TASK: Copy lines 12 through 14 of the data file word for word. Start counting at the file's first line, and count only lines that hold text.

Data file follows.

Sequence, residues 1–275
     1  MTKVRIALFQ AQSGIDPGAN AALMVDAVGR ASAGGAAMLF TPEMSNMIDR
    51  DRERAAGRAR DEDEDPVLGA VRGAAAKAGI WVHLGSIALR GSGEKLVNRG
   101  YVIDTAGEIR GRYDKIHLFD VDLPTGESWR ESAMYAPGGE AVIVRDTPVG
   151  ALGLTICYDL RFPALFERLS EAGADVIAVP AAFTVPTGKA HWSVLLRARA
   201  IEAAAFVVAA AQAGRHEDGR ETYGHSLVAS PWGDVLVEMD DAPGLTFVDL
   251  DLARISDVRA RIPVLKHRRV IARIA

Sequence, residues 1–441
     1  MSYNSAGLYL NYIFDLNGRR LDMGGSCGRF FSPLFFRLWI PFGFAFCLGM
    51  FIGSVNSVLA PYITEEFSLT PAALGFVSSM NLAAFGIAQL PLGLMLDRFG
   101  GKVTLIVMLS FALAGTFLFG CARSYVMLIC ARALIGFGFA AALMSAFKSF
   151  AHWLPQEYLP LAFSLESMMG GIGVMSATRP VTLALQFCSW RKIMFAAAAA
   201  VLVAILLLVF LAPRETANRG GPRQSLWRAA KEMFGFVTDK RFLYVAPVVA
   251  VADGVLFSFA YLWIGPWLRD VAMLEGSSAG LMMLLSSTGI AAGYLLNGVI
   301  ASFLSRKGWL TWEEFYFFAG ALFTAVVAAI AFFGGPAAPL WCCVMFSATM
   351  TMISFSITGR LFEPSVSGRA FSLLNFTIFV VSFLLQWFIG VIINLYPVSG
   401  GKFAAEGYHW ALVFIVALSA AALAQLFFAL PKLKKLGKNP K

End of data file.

   151  AHWLPQEYLP LAFSLESMMG GIGVMSATRP VTLALQFCSW RKIMFAAAAA
   201  VLVAILLLVF LAPRETANRG GPRQSLWRAA KEMFGFVTDK RFLYVAPVVA
   251  VADGVLFSFA YLWIGPWLRD VAMLEGSSAG LMMLLSSTGI AAGYLLNGVI